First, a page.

Hydrocephalus is a condition commonly known as water in the brain. It is caused by cerebrospinal fluid that accumulates beneath the skull because it cannot drain or circulate. The head seems enlarged and pronounced in the forehead area. It causes extreme pressure on the brain causing damage, seizures, pain, migraines and it can lead to death.
Super Hero is a cat with one of the worse cases of hydrocephalus. Cats with these conditions are most likely on medications for their whole lives and require a lot of commitment and care, not to mention the cost of their treatments that would probably go up to thousands and thousands of dollars. Super Hero is no exception— this cat and his humans have really gone through a lot to keep him alive.
He was born on June 2013 in a shelter in New Jersey next to other five cats. From that litter of six, three were hydrocephalic, but Super Hero and Ollie were the most severe cases. The rescue wanted to euthanize both cats but the vet refused since they acted normal— if it was not for their enlarged heads, everything seemed fine.
It took three months for Hero and Ollie to be adopted, which is not that long considering their condition. Fortunately they found a loving family committed to taking care of them. At their new home, they were referred to as the Bobblehead Twins.
They were taken to several vets and a neurologist. They were treated in NorthStar Vets in Robbinsville where their condition had good possibilities of getting a proper treatment.
Soon enough Super Hero got worse and the family thought they would lose him but he improved fast. It was probably just a storm passing by that caused a rapid change in the barometric air pressure, a phenomenon that changes the internal pressure in the head of hydrocephalic patients causing more swelling of the brain. However, Ollie was the one that didn’t make it. Despite being in intensive care in North Star Vets for five days, he died at the end of November.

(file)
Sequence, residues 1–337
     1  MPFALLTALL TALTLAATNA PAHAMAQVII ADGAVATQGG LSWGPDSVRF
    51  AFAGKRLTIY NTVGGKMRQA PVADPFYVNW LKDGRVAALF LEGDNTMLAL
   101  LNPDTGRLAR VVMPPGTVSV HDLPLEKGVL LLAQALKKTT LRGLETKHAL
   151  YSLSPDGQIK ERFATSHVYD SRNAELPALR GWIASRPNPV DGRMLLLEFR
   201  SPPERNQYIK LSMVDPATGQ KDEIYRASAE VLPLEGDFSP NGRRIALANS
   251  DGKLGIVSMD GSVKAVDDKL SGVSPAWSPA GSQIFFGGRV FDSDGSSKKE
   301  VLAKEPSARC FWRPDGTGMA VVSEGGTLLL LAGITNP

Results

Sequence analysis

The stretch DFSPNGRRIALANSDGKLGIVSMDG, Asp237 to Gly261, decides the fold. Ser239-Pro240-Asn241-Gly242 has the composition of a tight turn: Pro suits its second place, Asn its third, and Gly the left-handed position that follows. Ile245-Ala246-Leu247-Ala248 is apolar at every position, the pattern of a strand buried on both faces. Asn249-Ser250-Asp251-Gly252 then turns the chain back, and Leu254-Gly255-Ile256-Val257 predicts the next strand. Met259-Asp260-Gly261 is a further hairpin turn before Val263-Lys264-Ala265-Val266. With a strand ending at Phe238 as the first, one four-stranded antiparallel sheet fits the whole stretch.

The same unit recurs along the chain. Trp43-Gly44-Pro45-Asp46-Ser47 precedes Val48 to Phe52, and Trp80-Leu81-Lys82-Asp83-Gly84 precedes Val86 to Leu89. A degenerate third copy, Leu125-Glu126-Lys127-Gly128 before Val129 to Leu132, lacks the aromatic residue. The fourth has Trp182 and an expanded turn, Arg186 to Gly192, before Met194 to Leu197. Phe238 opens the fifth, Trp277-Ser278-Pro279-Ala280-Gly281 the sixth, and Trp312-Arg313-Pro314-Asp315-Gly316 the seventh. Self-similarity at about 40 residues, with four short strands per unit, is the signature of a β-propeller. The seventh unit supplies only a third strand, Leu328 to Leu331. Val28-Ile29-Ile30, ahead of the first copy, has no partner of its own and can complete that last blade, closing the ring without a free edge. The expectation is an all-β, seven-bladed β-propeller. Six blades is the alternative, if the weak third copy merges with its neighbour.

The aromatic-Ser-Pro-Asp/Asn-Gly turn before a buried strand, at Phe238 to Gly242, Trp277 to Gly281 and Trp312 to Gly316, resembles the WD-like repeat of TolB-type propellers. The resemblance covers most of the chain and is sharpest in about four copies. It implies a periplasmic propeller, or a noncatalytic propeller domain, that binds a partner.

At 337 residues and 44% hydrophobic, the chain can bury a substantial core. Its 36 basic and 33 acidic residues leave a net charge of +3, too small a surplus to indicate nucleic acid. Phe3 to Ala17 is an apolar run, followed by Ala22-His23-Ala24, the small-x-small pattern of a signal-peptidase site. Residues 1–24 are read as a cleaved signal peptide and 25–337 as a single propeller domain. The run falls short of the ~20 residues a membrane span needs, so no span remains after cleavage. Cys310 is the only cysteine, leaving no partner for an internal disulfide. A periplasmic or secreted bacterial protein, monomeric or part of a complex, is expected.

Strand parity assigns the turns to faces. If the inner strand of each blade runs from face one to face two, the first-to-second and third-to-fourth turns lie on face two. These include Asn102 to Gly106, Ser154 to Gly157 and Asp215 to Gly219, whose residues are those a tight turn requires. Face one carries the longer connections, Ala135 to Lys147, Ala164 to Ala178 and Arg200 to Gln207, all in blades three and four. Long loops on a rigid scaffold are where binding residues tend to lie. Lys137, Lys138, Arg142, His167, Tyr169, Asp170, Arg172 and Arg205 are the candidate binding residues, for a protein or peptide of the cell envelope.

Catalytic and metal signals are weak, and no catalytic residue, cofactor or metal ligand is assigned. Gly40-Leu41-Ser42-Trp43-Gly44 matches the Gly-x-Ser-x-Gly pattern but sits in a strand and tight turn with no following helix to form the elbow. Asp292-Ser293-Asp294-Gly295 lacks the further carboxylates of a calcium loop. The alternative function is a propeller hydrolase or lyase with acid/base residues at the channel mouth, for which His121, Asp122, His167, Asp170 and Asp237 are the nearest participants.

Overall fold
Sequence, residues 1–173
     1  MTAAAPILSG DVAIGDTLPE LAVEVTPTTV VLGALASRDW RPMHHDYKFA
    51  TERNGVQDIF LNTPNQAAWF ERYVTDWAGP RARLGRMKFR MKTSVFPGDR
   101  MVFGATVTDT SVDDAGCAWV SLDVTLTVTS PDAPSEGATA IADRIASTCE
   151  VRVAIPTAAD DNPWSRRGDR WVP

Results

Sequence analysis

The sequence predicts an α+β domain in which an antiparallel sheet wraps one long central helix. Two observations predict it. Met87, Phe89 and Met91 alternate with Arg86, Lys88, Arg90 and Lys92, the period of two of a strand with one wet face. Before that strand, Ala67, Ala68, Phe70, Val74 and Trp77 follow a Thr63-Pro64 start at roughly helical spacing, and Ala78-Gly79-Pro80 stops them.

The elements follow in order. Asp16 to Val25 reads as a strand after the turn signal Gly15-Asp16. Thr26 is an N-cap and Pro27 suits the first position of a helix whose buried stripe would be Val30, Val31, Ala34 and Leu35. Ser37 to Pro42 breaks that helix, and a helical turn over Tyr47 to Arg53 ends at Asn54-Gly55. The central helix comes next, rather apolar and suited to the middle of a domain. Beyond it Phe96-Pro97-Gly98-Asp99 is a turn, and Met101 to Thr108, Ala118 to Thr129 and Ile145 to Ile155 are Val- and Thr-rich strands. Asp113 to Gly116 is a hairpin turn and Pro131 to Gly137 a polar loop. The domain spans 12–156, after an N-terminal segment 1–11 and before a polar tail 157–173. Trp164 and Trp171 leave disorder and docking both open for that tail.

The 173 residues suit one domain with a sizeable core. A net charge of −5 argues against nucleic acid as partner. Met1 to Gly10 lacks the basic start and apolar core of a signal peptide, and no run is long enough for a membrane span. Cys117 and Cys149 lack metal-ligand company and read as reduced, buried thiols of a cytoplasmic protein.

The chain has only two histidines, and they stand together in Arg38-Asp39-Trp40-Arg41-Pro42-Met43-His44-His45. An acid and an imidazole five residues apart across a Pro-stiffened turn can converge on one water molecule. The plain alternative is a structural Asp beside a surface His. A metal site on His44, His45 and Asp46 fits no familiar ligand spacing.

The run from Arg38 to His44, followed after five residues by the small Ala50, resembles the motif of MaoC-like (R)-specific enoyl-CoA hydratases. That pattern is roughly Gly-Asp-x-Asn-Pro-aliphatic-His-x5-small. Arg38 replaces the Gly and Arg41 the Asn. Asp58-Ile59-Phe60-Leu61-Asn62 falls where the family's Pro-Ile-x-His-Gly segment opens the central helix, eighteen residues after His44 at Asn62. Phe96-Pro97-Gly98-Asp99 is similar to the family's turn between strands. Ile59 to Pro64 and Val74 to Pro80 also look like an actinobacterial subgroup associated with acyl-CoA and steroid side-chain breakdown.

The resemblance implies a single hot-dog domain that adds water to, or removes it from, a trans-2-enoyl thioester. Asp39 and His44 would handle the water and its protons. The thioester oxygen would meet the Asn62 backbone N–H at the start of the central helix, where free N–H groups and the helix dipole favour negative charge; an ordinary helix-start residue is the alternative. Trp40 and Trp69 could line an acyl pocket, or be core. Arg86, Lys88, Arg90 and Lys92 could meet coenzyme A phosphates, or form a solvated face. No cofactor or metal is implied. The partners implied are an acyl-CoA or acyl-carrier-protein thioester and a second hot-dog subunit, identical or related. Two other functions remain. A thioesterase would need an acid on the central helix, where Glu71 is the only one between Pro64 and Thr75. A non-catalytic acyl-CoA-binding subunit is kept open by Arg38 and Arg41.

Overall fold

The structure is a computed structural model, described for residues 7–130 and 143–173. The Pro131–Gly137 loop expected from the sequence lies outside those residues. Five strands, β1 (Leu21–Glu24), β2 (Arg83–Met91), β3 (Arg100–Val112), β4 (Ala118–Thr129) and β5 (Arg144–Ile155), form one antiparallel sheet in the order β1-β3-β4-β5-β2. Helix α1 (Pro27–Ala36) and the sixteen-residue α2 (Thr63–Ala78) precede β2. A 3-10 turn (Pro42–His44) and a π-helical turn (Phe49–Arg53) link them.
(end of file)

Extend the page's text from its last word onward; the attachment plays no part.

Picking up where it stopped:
After Ollie died, Super Hero got depressed and stopped eating and playing for a few weeks. But he recovered and defied the odds against him, celebrating his first birthday months later.
When his health badly deteriorated in the fall of 2014, his humans took his care to the Red Bank Veterinary Hospital, where Dr. Eric Glass, the Director of Neurology and Neurosurgery and one of the best doctors treating hydrocephalic patients, recommended implanting a shunt in Super Hero. This is a device that helps drain the excess cerebrospinal fluid from his head to his abdomen to decrease the pressure.
While his family was collecting the money for this and still trying other options, Super Hero’s MRI results done in December showed that the blood supply had been cut and most of his brain had died, and that the remaining part of his brain was keeping him alive.
He had surgery in February this year and even though the shunt was implanted, it had to be revised twice to turn the pressure up since too much fluid was draining from his head. Despite the fact that only a small part of his brain is functional, this cat is still very normal. He plays, runs, meows and cuddles.
He still suffers setbacks, though: small ones caused by the weather and large ones where his consciousness decreases. He has gone through a lot— MRIs, a CT scan, the two shunt revisions, many X-rays, a spinal tap and many hospitalizations, but his family is still committed to fight ’til the end.
Super Hero is defying all odds against him and two months ago, he celebrated his second birthday. For paying for his bills, his family continuously asks for donations. If you want to help them, this is where you can. You can also visit hisFacebook page for updates on how his doing and leave him a comment.